Depression                                              33%                Anxiety                                         35%
Anxiety                                                    30%                Depression                                   31%
Asthma                                                    21%                 Allergies                                        27%
Thyroid Disease or other disorders   19%                 Asthma                                          23%
Other information from the Control Group (these questions were only for those who live with someone affected by AI

When asked if the Adrenal Insufficiency of the their loved one cause them stress again on a scale of 1-5.  Forty percent of the control group indicated they felt moderate to severe stress.

1 (no stress)            19%
2                                15%
3                               27 %
4                               23%
5 (severe stress)    16%

Other information from the Affected Group

Time to get diagnosed from onset of symptoms (4 skipped):        41% a year or more

Diagnosing Physician (1 skipped):            Endocrinologist made diagnosis  62%

Does your Physician have enough knowledge to treat AI properly (6 skipped)
58% are happy with their physician and feel they are receiving the proper care.
20%  are not happy but are unable find another physician to treat them.
19% have physicians who may not have the knowledge, but are working to educate         themselves.
3%   can’t find a doctor.

Participants were invited to expand on their answers, add symptoms they experienced, or simply state their feelings.  Here are some of their responses.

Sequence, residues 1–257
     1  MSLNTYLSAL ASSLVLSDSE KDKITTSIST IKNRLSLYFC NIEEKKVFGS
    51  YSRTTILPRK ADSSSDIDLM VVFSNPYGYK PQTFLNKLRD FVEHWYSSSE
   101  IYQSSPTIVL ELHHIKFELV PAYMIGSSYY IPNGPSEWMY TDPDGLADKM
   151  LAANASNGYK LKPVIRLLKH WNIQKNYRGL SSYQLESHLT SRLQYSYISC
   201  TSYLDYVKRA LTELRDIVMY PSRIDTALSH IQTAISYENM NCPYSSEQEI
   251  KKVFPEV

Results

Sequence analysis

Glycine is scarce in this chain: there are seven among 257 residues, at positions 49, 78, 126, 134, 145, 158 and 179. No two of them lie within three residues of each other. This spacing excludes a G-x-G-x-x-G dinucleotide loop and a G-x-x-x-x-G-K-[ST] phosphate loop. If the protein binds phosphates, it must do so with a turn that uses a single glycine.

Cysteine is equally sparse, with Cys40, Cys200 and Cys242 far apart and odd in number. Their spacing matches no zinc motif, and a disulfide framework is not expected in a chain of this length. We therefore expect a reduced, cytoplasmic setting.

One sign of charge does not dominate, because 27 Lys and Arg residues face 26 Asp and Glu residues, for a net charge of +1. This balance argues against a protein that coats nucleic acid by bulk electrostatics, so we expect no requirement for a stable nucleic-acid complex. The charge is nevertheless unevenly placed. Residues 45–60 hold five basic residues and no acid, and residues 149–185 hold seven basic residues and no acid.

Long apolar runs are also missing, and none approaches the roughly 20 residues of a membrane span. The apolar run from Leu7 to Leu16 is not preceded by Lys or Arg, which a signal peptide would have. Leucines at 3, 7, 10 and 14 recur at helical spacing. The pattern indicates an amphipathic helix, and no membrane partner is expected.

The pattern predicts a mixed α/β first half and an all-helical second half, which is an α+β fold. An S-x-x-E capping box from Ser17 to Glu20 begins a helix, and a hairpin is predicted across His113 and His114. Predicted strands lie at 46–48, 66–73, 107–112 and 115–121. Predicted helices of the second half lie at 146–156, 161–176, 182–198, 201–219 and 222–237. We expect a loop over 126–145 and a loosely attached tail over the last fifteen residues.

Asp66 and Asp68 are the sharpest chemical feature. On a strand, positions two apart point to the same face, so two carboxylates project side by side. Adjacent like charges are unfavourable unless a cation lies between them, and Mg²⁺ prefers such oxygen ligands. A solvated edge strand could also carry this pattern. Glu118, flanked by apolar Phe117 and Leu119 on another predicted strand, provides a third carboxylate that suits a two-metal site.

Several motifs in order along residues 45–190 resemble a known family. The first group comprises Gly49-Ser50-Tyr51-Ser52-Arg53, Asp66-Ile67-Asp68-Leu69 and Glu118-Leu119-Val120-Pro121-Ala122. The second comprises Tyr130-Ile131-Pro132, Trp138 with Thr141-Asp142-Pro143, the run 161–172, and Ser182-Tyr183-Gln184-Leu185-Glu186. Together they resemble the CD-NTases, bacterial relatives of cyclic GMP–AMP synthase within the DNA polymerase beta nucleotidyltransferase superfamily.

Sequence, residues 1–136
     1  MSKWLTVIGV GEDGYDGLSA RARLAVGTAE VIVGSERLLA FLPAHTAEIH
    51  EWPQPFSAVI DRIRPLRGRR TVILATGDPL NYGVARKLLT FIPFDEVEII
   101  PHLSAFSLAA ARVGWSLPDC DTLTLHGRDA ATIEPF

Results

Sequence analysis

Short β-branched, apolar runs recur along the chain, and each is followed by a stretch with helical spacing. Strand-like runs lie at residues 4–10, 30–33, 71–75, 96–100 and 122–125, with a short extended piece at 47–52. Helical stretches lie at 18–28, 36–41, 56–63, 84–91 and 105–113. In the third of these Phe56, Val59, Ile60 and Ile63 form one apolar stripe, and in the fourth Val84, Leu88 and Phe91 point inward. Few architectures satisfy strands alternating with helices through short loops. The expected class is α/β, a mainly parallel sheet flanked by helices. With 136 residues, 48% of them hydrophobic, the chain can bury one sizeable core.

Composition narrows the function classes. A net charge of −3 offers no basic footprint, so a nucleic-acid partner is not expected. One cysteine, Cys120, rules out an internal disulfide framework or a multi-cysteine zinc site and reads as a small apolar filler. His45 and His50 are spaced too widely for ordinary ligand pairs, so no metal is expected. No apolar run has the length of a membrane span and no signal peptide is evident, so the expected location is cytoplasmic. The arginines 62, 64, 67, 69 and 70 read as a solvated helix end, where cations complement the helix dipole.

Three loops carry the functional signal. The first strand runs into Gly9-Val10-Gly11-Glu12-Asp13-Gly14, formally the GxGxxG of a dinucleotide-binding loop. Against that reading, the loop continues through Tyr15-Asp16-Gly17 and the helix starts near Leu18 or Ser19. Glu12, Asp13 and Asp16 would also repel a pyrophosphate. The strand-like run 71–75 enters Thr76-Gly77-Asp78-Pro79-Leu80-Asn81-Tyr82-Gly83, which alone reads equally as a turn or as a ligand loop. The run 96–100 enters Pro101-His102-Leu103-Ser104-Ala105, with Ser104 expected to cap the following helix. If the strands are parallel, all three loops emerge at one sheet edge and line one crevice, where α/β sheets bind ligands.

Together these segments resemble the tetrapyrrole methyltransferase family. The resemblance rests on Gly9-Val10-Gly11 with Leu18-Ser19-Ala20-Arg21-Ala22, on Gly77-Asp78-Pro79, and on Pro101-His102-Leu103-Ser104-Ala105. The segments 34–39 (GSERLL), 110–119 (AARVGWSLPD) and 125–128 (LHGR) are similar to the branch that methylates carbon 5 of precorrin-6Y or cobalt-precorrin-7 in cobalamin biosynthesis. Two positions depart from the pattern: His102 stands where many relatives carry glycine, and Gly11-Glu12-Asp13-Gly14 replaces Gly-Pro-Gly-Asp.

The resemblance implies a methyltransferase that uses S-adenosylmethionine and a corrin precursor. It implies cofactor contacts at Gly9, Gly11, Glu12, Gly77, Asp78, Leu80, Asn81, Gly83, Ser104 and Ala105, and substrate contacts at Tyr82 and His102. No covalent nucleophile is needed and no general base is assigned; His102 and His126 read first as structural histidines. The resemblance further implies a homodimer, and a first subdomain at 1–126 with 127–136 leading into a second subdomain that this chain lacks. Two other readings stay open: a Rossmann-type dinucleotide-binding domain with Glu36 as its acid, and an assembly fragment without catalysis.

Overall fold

This is the loneliest, most complex illness I have ever known of.

My doctor said I was the most difficult patient he has ever had….and he works at a research hospital!

This information was filled out from before I was started on the pump to replace cortisol in a circadian fashion.  Since then, all of the health issues have been resolved except for hypothyroidism which has improved significantly.  No treatment is required for anything else at this time and I can finally enjoy a full active life with my family.

After 20 years I’m so tired of having to explain this to medical personnel.  The need to be educated!

I have on 3 occasions been admitted to the A&E (ER) and been left for hours untreated.  I honestly thought I was going to die!  Now I have a letter from my specialist that I take with me.

I get no sympathy despite the fact that I feel very sick.  Everyone just thinks I’m fat and lazy.  I’m at the end of my rope.

I have problems getting health insurance.  The state high risk pool are triple that of a personal policy.  There needs to be something to help those of us who are paying our own way………..

I’m lucky that I’m able to be a stay at home mom so I can help at my daughter’s school and give her the injection when needed.  I don’t feel I can work because no one at school can give the injection.

Over the last 44 years of my life with Addison’s I’ve seen about 11 endocrinologists.  My current endocrinologist only has 5 patients with Addison’s, but he has actually told me that I know more about Addison’s, since I live with it every day.  He never rushes me and is willing to look into anything I ask about.  We need more endocrinologists like him!

The results of this survey clearly show that those with Adrenal Insufficiency experience more severe symptoms in almost every area of their lives than those without Adrenal Insufficiency.   We hope that these results will help illustrate the need for more funding and research in the treatment of Adrenal Insufficiency.

As a lay person I’ve done my best to present these survey results accurately and realize that this study is not scientific.  Still with the large amount of participants the results should not be ignored or discounted.  Thanks to all of you….both affected and non affected for taking this survey.

Jennifer Knap: AIU Executive Director